A Man With Friends:
Bill Wilson (‘Bill W.’)
By Harold Frost
Biography magazine, 2002
Over the course of the next 17 years, Wilson’s drinking ruined his career, damaged his health, and caused agonizing worry to his family and friends.
Wilson found a way out of hell. He co-founded Alcoholics Anonymous, one of history’s most important therapeutic movements.
William Griffith Wilson, born on November 26, 1895, in East Dorset, Vermont, was the eldest of two children of Gilman Wilson, a foreman at a marble quarry, and Emily Griffith Wilson. His father was a heavy drinker. Many years later, Bill would speculate that booze led his parents to divorce. Young Bill steered clear of the stuff.
One of the stories about Wilson’s youth involves his effort to build a boomerang – an actual working boomerang that would arc through the air, bank, and return. He labored on the device for months, experimenting with different woods, and with changes in the curvature, seeking perfection. Finally one day, in a field near his home, the boomerang obeyed his command. Watching the stick fly and double back – the gorgeous swoop, the clean line – and listening to the praise that came his way from his friends and family – Wilson felt a billowy expansion of ego.
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But there was a dark aspect to this accomplishment. Wilson had to succeed at the boomerang project, had to achieve first place among the nation’s young boomerang makers, because “in my perverse heart I felt myself the least of God’s creatures.” He needed to win to be accepted by God and humanity.
Wilson gave the impression of being a winner – he was bright, energetic, and committed to excellence. But deep down he felt like a loser – physically tense, often depressed, socially awkward, and possessed of the odd and scary feeling that he was merely skimming along the surface of life, watching events unfold as if he were attending a play or a movie. He flunked out of college (here, his need to win collapsed in a heap) and wondered if he would ever grasp the good things in life that some people seemed to know about.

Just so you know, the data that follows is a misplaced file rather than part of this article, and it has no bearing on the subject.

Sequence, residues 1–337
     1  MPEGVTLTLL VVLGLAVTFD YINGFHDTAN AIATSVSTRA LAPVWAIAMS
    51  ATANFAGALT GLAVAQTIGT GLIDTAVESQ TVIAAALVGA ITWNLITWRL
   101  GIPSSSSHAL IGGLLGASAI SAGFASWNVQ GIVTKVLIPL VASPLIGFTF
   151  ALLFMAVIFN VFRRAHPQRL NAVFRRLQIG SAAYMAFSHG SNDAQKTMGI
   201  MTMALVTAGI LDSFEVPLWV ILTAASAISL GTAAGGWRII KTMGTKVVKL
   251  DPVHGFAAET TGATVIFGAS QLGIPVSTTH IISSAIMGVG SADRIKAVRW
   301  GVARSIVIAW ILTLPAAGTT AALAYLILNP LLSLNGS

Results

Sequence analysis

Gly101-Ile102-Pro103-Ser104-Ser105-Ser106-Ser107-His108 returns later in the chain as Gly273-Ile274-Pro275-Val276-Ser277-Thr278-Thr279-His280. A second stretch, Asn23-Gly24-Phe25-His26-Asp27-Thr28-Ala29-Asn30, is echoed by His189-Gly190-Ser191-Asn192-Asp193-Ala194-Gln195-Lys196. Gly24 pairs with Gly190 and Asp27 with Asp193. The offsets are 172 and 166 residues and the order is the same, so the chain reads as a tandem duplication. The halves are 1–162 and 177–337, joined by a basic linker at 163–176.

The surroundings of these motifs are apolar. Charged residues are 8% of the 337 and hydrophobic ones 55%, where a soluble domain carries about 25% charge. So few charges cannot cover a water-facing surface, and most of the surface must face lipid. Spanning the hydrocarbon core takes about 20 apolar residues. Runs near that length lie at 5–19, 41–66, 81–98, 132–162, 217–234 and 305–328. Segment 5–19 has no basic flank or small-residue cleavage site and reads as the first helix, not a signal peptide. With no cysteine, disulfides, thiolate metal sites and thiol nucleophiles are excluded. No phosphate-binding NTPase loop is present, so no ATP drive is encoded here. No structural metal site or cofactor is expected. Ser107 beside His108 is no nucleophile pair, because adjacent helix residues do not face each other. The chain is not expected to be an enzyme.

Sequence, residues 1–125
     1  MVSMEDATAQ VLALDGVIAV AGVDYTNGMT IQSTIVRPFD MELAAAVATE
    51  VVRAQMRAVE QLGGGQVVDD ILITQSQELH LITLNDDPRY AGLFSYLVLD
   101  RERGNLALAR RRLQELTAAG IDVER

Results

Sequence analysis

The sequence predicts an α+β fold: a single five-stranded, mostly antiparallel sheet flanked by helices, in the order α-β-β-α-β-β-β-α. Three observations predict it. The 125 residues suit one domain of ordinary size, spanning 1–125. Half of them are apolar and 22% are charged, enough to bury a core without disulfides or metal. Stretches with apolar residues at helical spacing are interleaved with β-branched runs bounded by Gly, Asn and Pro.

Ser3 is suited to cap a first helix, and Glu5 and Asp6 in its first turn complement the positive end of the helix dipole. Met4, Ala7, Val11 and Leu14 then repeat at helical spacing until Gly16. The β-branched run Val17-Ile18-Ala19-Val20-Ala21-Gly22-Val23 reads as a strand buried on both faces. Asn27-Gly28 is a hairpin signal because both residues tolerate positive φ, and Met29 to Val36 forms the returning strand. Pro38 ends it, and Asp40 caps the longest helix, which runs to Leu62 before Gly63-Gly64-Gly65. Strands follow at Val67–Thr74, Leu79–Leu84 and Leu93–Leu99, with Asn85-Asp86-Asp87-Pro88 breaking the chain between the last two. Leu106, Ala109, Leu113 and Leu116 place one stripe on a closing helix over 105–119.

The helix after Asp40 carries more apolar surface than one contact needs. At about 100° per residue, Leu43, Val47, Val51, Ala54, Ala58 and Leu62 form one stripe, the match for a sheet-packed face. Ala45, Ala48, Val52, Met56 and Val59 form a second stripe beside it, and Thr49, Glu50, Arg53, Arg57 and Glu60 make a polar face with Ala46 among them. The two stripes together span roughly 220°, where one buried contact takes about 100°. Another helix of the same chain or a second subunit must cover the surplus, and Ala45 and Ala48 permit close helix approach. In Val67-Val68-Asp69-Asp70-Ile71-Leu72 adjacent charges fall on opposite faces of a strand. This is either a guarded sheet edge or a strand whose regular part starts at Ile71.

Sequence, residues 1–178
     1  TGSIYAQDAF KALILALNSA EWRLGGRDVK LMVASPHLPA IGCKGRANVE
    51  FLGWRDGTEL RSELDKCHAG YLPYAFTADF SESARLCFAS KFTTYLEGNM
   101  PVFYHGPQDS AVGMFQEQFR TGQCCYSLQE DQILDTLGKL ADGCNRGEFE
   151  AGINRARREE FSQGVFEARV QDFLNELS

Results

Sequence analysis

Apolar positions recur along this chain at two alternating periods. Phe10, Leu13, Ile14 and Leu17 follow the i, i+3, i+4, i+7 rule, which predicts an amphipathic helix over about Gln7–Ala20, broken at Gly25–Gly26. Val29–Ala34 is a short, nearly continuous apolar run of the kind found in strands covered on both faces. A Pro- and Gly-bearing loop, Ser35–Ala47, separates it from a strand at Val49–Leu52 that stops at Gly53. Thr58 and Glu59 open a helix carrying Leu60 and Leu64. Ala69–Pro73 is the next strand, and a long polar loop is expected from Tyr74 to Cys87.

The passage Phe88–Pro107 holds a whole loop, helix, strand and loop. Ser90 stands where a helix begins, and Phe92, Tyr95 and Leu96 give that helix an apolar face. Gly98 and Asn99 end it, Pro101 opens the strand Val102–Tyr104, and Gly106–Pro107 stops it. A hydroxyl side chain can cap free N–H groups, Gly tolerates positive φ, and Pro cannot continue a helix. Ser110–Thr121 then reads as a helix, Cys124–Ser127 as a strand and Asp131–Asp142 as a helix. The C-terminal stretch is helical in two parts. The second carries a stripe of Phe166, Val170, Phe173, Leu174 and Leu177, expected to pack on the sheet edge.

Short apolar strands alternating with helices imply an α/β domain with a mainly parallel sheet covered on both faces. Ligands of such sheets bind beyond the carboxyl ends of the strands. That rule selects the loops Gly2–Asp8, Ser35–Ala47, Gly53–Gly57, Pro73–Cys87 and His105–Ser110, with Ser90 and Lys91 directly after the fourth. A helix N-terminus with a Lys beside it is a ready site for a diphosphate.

In 1917, when Wilson was 21, America mobilized to enter the Great War, and the U.S. Army sought officer candidates among college boys, including kids who had bounced out of school. Wilson was accepted for officer training. One night, at a party in New Bedford, Massachusetts, the young lieutenant took his first serious drink. Recalling the moment years later, he made it sound like a religious experience, and in some sense, it was: “Lo, the miracle!” he wrote. “I belonged to the universe; I was a part of things at last.”
Bill got bombed that night. In subsequent drinking bouts he began puking and passing out. He was a problem drinker from the start. Alcoholism sometimes announces itself with this dramatic immediacy, but the disease follows no set pattern. Journalist Nan Robertson notes that some drinkers fall quickly into abuse, while others can drink socially for years or decades with no sign of a problem, until they cross a hard-to-see line, with booze moving toward the center of their lives, occupying more and more space in their souls – drinking it and looking forward to drinking it. (And, of course, many or most people can drink alcohol moderately for a lifetime with no serious difficulties.)